In some of my previous post, I’ve openly admitted to being nosy. Always was. When I was a kid I loved playing spy. I loved eavesdropping. And most of all I loved keeping files on everyone in my class. So it should come as no surprise to any of you that I sometimes snoop around the internet, google-ing random people I’ve known, know, or have just met (and sometimes dead people, whose names I find on old crumpled letters stuffed inside of a book or on an old moldy patient file from some abandoned insane asylum…never mind about that). Harmless stuff really. I’m sure we all do it.
But things are changing in cyber land. I remember when it was difficult to squeeze out a few drops of info. For example, once I spent an hour or so searching for an old friend. All I could find was his current job location, a comment he wrote on an obscure blog, and –a real gem on that day- his amazon.com gift registry. That’s how I learned he was divorced from the woman I knew him to be married to and was remarrying.
Farther down the rabbit hole, I discovered the new bride was a former student of said “old friend.” So. This suggested a possible ending to marriage one. It felt deliciously evil to stroll through his china patterns, see his (and his new brides) style and how many place settings they wanted. I made a note to check back in a year or two to check for a baby registry. Then I immediately made my amazon wish list private.
There were no pictures. No websites dedicated to their wedding or anything much after the registry. Then along came Facebook and Google Earth. You could actually find their house. Zoom in. See the street they live on. I could see photos and details of their life linked easily to other people I know. Info began pouring in without my even having to search. The hunt for information is now easy; it’s fishing through it for the grains of truth that have become the real hunt.
I love when I discover something I didn’t know about people I actually think I know. I get to see one of the other faces they show other friends, colleagues, or their families (especially enlightening). I marvel over what they choose to leave out or put in about themselves to share with others and what they choose to reveal to me (what it says about our relationship)…..like my friend who I thought was openly gay and acts very “sassy” but on Facebook carefully skirts the issue and calls his boyfriend his “friend.” From the looks of the pictures of his parents, I am assuming they still think he’s just a swinging bachelor on the prowl (even though he’s 50…and was heavily involved in beauty pageants…and has a lot of rainbow stuff). Oh well, we all have our “front stage” personas, but in our cyber age, we actually get to see the many sides of each other. That is, if anyone is looking at anything other than themselves for five minutes.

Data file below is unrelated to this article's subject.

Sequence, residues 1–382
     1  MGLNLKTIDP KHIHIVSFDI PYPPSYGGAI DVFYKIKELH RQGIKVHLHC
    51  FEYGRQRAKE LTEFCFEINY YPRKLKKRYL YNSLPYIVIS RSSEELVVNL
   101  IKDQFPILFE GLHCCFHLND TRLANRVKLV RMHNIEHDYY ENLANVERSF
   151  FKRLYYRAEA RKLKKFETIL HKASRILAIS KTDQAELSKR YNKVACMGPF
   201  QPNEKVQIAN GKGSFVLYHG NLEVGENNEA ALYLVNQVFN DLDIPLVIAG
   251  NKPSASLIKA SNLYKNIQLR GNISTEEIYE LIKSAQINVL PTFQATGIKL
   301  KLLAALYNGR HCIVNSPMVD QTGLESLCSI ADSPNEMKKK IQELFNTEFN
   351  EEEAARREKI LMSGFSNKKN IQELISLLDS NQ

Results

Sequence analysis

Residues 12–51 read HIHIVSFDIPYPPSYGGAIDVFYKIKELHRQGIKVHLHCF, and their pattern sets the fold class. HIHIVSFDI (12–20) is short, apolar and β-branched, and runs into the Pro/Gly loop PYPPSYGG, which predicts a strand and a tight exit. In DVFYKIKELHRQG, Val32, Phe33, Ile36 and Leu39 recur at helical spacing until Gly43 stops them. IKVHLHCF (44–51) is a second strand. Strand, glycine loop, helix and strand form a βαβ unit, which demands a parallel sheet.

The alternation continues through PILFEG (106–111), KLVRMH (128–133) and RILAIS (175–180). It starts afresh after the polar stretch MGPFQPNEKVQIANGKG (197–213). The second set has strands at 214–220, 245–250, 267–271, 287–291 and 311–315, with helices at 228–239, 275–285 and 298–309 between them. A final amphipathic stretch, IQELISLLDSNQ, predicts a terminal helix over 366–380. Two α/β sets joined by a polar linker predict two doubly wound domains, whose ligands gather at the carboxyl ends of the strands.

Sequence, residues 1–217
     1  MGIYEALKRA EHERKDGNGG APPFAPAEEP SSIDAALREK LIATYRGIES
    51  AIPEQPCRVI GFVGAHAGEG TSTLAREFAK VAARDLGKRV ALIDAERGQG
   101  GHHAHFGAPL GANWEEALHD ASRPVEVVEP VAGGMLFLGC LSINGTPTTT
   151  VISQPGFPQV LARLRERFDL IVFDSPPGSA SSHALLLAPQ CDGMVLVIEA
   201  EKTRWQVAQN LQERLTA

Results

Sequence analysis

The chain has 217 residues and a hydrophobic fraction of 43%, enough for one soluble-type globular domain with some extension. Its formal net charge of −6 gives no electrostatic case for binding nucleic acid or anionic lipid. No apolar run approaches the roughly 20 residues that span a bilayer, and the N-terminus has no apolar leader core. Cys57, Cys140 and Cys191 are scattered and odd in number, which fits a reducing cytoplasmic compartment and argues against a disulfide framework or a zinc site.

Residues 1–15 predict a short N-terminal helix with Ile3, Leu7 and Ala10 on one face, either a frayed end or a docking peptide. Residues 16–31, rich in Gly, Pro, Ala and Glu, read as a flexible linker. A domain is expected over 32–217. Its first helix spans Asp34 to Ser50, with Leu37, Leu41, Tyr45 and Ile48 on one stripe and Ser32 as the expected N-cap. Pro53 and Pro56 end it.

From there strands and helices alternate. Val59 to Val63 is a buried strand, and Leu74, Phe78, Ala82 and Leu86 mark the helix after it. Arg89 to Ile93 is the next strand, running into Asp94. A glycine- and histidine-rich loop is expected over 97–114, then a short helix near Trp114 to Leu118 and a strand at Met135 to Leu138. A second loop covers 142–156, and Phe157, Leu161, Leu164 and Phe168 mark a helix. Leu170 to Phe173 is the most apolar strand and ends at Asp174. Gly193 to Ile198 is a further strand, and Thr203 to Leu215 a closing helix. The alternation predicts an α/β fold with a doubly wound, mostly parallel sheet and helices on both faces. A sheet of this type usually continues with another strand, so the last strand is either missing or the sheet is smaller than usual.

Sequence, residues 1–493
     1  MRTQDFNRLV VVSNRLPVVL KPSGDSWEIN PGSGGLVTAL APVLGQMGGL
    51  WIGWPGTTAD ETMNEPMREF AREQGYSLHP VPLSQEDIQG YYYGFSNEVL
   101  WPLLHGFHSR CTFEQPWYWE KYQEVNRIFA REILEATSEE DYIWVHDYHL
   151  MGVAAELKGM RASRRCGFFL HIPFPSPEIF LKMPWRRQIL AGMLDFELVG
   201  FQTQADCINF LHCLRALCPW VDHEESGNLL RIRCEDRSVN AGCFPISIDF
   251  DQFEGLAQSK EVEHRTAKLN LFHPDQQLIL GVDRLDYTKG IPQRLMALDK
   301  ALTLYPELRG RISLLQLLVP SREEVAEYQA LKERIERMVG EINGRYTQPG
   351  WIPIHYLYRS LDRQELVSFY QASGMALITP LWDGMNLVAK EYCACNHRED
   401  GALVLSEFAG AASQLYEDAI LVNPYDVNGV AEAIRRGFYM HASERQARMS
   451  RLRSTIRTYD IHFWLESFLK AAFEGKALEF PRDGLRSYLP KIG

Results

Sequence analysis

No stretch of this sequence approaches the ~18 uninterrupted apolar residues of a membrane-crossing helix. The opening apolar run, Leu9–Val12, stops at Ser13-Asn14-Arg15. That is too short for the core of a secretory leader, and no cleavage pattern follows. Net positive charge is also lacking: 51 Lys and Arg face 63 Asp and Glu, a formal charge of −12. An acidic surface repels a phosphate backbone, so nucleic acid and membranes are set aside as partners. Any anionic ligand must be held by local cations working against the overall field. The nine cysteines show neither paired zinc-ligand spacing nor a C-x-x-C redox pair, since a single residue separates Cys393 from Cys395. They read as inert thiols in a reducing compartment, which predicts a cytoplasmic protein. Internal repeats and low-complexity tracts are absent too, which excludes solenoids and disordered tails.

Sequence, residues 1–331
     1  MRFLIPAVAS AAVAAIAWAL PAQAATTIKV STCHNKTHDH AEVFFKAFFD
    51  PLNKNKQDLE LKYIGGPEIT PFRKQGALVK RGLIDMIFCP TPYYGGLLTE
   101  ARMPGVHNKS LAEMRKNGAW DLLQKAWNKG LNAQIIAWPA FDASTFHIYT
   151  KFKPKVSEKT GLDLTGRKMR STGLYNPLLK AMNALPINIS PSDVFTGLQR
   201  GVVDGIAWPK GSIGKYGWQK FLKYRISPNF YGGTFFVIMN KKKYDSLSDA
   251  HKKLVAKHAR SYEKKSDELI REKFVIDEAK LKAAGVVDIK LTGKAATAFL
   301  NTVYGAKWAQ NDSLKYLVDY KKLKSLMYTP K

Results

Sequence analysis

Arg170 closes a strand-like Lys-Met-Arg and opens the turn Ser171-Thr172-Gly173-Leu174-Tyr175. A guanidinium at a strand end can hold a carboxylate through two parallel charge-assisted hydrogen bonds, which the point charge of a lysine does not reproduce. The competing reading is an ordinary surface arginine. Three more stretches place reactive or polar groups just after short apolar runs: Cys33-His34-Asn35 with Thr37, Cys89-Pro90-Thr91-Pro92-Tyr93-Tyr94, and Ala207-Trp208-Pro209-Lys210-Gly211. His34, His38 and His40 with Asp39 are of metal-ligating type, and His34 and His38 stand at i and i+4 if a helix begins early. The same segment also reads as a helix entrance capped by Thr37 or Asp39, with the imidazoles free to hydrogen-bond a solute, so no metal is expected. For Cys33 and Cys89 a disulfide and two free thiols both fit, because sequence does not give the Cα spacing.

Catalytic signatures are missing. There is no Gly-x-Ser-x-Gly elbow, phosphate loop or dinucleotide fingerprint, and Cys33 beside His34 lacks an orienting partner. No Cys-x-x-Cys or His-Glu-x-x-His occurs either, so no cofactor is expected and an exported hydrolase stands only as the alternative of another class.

On a bad day, I get an odd curiosity about myself. I Google ME and find …nothing. My self esteem is prune shaped as it is. This doesn’t help. It’s like I don’t exist. Maybe that’s a good thing? So this usually gets me wondering about other people I know and I start comparing. I find all sorts of success: fancy websites, amazon sales, blogs, reviews. They’re doing great. I find old high school pals looking younger and happier than they did at 16! I am happy to find them happy really. I mean, it would suck to come across an obituary …especially for myself. But, well, there is the part of me that pouts about their success. I’ve even lost days of writing because I was paralyzed with poutiness …sulking that so and so was better than me so why bother etc….as if my goals in life ever had to do with them in the first place. But in those moments, mature thought processes don’t apply. My writing isn’t good enough, my house isn’t big enough, and my ass isn’t small enough. I feel like a failure.
A lot is made of people’s “accomplishments” in this “self promotion” overloaded society. We’ve all become expert Mad Men, only without the cigarettes, cool suits, and sex romps…well, speaking for myself anyway.…We have greater tools and we know how to stage our life, Photoshop out what we don’t like or want to hide. We turn ourselves into a character, an expert, a success. Everyone’s life online starts to sound like a resume or like those things you were once taught to say in job interviews like, “My biggest weakness? Humm. I’d have to say that I’m just TOO punctual and effective.” Or my favorite, (I’m paraphrasing here but still): “I’ve been writing since I was teething and I just can’t help myself from writing 200 pages an hour….I wish I were less talented, but oh well.”
Unfortunately, for writers and freelance artist etc, I understand that self promotion is a necessary evil. And as technology grows and social networking sites morph into some Cronenberg styled, PR camp’s wet dream (even from our own wet dreams of fame and glory), I myself have found it necessary to have a Facebook “fan” page, a Facebook “friend” page, a twitter, a blog, another blog, a Flickr, a Youtube, an alias (in order to, ironically, be myself somewhere), and on and on…
But, as Seth Meyers would say, “really?” Just because we need to promote things when we actually have them to promote, does it mean we have to sound so braggy or push so hard to sell “me,” when our cart is empty of product? Do we have to take the tone of someone so bloated with self importance that bending to tie ones shoe would be a challenge?
Selling yourself can go too far. Who are you really trying to convince that your vacation is worthy of a Conde Nast spread or a six figure book deal? Why can’t it just be a vacation? Steinbeck never had to pimp himself all over the web to be published. But I wonder if he would have, had he been living today? Doubtful. Hemmingway would have blown his brains out a lot sooner, I’m sure.
Despite the vulgarity of it all, I still enjoy my little hunts. I enjoy driving down Google Street just to watch them all turn their tricks.